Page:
The Unsurprising Reason Why International Travel May Be Completely Different By 2040

You probably saw this coming – but did you expect it to be so soon?
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We could be forced to face the consequences of our harmful international tourism sooner than you think, according to a holiday company.

A new report from the carbon neutral travel company, Intrepid Travel, suggests that we will all receive personal carbon allowances to be able to travel in the near future.

Here’s what that means, and why experts think this drastic action could kick in within 13 years.

What might happen?

Intrepid Travel warned that the pressure climate change is putting on many popular holiday destinations could lead to travel restrictions, in a bid to discourage flying.

In its report, produced with foresight agency The Future Laboratory, Intrepid Travel predicted that the possible “extinction” of some tourist hot spots could lead to the introduction of ’personal carbon allowances”.

It claimed: “These allowances will manifest as passports that force people to ration their carbon in line with the global carbon budget, which is 750 billion tonnes until 2050.

“By 2040, we can expect to see limitations imposed on the amount of travel that is permitted each year.”

The company added that travellers will be “forced to forgo the horizon-expanding experiences so readily embraced by today’s tourists”.

According to The Independent, Darrell Wade, co-founder and chairman of the company, said: “The direct, catastrophic impact of climate change has for too long been viewed as something distant in the future. But this is no longer an impending event; it’s happening now.”

It’s worth noting that September 2023 was the world’s hottest September on record by an “extraordinary” margin, according to new data from the Copernicus Climate Change Service.

Wade continued: “Tourism must evolve and become regenerative, as the current model is unsustainable.”

He said that the future “needs to be different from business as usual”, adding: “There is limited time left, and immediate collective action and innovation is needed to decarbonise travel together and truly achieve the immense potential for sustainable development within our industry.”

Are changes already happening?

Some data seems to suggest so.

In September, a survey from Advantage Travel Partnership of 2,000 UK adults found that 70% of people aged between 18 and 24 said they were “somewhat or very likely” to change the time of year they travel because of the changing weather patterns.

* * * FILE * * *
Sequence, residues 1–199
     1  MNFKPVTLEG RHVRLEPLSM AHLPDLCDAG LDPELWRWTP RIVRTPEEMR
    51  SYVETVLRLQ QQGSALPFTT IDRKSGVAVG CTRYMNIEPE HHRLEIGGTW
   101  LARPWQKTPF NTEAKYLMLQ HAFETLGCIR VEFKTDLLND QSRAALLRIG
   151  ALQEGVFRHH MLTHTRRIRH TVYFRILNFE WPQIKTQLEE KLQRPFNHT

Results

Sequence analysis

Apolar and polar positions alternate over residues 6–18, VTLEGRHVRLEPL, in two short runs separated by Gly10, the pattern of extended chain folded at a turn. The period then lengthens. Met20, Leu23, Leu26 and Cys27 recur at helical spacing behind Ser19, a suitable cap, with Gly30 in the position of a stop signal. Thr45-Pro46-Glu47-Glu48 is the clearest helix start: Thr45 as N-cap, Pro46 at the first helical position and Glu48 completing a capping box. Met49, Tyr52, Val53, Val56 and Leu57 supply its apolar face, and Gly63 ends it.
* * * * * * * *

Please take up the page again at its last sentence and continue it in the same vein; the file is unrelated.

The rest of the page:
And 62% of respondents in the younger age range said they would change their holiday destination due to climates becoming warmer in certain countries.

Meanwhile, some hotspots are already facing the consequences of global warming.

Wildfires raged across southern Europe in the summer, and the Italian city of Venice only just avoided being categorised as an endangered world heritage site.

But, despite this, aviation emissions have been growing faster than any other mode of transport, and more than doubled between 1990 and 2019, according to the European Federation for Transport and Environment.

And, there is still strong resistance to change.

Only last month, the UK’s prime minister Rishi Sunak rowed back on his government’s green pledges – and vowed not to introduce new taxes to discourage flying, even though that is not a policy currently in place among any major political party.

Why is flying so bad for the environment?

It’s common knowledge now that travelling by carbon-spewing plane is incredibly harmful to the planet and accelerates global warming.

Of course, it’s not the only part of our lifestyles which are exacerbating the current climate crisis.

Overfishing, industrialisation, and power generation (to name just a few) also contribute, but planes are especially bad because they emit gases directly into higher levels of the atmosphere.

According to the UK Civil Aviation Authority (CAA), gases can have different effects when emitted at high altitude compared to those released at ground level.

Planes not only release CO2 but nitrogen oxides, vapour trails and cloud formations, too, and these emissions effects contribute twice as much to global warming as CO2.

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